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A Recommended Day Trip near Cartmel

Laurel and Hardy Statue

A great trip out from Cartmel but in fact any destination in the Lake District at the moment is a trip to Ulverston.

Ulverston is not only a delightful market town with interesting shops and antique stores, but is also the home of a small, but perfectly formed and most informative museum!  Ulverston is the home of the Laurel and Hardy Museum, which seeing at the film “Stan and Ollie” has just come out ( January 2019) I thought I would share this lovely town with you all.

Mural of Stan Laurel

First a little history about the duo.  Laurel and Hardy were a comedy act during the early Classical Hollywood era of American cinema. Stan Laurel was English (1890–1965) and Oliver Hardy American (1892–1957). They became well known during the late 1920s to the mid-1940s for their slapstick comedy.  Laurel played the clumsy and childlike friend of the self- important Hardy. They are famous for their signature tune which was played over their film credits  (The Dance of the Cuckoos”). their bowler hats!

Prior to emerging as a team, both actors had well-established film careers. Laurel had appeared in over 50 films as an actor (while also working as a writer and director), while Hardy had been in more than 250 productions. They didn’t become a comedy team until 1926 when they appeared in a movie short together, and they officially became a team in 1927 when they appeared together in the silent short film Putting Pants on Philip.

 

They appeared as a team in 107 films, starring in 32 short silent films, 40 short sound films, and 23 full-length feature films. They also made 12 guest or cameo appearances .

In 2005, they were voted the seventh-greatest comedy act of all time by a UK poll of fellow comedians.

The official Laurel and Hardy appreciation society is known as  The Sons of the Desert and memorabilia of them and their work can be found in Ulverston.

Ulverston is the home of Stan Laurel and at the Roxy Cinema not only can you at the moment (January 2019) see the film, “Stan and Ollie” with   John C. Reilly and Steve Coogan you can tour the delightful museum dedicated to the famous pair

To get to the museum by Car –(from Woodside or Fell View)

Turn off the M6 at Junction 36, follow the A590 to Barrow in Furness, which will bring you to Ulverston. The easiest car park is situated on the roundabout at the entrance to the town. From the car park, we are a short walk up the cobbled street, past Gillam’s Tearoom, turn left at Costa Coffee onto Brogden Street. Their  entrance is at the front of the Roxy Cinema, look out for the smiling Stan, as in the photo above!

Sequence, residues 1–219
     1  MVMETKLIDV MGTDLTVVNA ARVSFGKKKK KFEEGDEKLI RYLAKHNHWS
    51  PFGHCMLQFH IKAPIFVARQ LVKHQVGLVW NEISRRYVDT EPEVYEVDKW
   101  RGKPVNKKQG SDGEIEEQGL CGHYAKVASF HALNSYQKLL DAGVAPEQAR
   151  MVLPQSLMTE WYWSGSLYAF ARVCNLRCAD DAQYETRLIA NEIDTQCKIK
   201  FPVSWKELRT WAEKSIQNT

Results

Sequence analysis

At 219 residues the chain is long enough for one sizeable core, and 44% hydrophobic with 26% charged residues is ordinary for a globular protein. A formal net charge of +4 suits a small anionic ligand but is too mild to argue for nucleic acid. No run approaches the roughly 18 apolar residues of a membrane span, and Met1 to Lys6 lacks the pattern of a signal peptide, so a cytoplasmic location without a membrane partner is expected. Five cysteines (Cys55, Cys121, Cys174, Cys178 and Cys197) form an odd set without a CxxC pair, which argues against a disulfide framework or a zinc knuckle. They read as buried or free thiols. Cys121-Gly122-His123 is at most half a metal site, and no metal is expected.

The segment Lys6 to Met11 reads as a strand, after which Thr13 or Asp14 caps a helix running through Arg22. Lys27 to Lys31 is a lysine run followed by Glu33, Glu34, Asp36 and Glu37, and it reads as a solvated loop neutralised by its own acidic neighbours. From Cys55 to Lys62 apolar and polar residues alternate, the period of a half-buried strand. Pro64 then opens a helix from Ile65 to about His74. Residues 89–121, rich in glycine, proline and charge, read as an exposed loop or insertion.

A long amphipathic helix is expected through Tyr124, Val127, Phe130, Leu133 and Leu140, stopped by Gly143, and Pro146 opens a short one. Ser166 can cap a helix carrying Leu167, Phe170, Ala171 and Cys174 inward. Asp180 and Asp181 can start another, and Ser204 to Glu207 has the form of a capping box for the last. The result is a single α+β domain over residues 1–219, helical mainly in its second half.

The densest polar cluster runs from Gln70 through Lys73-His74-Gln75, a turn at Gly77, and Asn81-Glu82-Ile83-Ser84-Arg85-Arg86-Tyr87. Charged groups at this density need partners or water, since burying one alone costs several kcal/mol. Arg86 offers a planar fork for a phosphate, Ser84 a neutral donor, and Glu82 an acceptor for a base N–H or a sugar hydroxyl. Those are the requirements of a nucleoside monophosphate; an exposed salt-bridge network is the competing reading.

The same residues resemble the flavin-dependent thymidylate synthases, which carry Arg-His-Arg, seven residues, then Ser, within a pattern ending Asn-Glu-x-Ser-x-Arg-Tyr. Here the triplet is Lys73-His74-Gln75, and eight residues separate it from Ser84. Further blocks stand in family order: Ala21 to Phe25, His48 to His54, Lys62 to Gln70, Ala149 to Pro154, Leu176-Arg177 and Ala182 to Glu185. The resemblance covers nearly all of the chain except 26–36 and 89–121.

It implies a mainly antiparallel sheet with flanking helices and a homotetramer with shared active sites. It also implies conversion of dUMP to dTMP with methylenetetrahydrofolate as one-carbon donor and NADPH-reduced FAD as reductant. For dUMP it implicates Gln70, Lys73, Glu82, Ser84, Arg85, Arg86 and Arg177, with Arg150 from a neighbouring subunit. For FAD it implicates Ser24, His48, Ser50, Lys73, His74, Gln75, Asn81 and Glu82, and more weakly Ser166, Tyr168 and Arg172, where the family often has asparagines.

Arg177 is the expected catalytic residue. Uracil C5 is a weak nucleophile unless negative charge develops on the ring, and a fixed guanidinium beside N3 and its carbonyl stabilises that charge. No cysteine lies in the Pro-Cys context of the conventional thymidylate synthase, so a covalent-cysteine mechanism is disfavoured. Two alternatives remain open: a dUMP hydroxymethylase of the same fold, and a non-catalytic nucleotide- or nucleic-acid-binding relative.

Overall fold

Parking –

There is ample parking in Ulverston town centre with several Pay and Display car parks all within 5 minutes walk. Parking on the street is usually limited to 1 hour unless you have a parking permit (local residents only).

Admission Prices 2019

Adults: £5.00
Concession: £4.00 Children: £2.50
Family Ticket: £10.00 (Family Ticket consists of Two Adults and up to Three Children U16)
Deluxe Ticket: £7.00 (Entry plus Hot or Cold Drink and muffin or bag of popcorn)

Annual Passes:
Adult: £12.00
Concession: £10.00
Family: £25.00 Ulverston Walking Tour: £5.00 per person

Every Thursday during the School Summer Holidays
Join our experts for a guided tour of Ulverston as Stan would have remembered it. See his birthplace, the shop where Grandma bought him his Beers Treacle Toffee (a real treat!) and many other parts of our charming Market Town.

Opening Times

10:00 AM – 5:00 PM
Easter – Oct: 7 Days Per Week
Close Monday & Wednesday at all other times.
Christmas Opening Times: From 20th Dec to 3rd Jan,

Looking for quality accommodation in the English lake District? Look no further, check out www.lakesgetaways.co.uk

Wine Tasting in Cumbria

Fabulous views, quaint shops and fantastic cakes! Where am I?

Well I’m talking about Grange over Sands .It’s a  quiet seaside retreat on the Southern tip of the Cartmel peninsula, between the mountains and the sea, and only 7 miles from Windermere. Grange has some of the finest parks and gardens on the Cumbrian coast – the ornamental gardens has a lake with many water birds and a beautiful prom to walk along.

 

Grange is a pretty resort with an Edwardian flavour and a mild climate. It is on the shores of Morecambe Bay, and from the 13th Century until the 1850’s, the major route from Lancaster was across the sands. In 1887, the coming of the Furness Railway encouraged the growth of Grange from a small hamlet to the town we see today.

grange edwardian terrace

The estuary and the countryside around Grange are fascinating places for nature enthusiasts. A tremendous range of birds can be seen, and there are several nature reserves and sites of special scientific interest.

Grange is famous for the cross bay walks, lead by Cedric Robinson, The Queen’s Guide, an event not to be missed.

Cross bay walk

Grange has a brilliant award winning tea room- The Hazelmere

Hazelmere's

And finally the most fabulous walk up Hampsfell to look down on to the Morecambe Estuary. On top is a strange shelter called The Hospice. Well worth the hike up.

Top of Hospice on Hampsfell

Many of the shops are specialist shops: specialist butchers, chocolate producer, boutique clothes etc. Well worth a visit!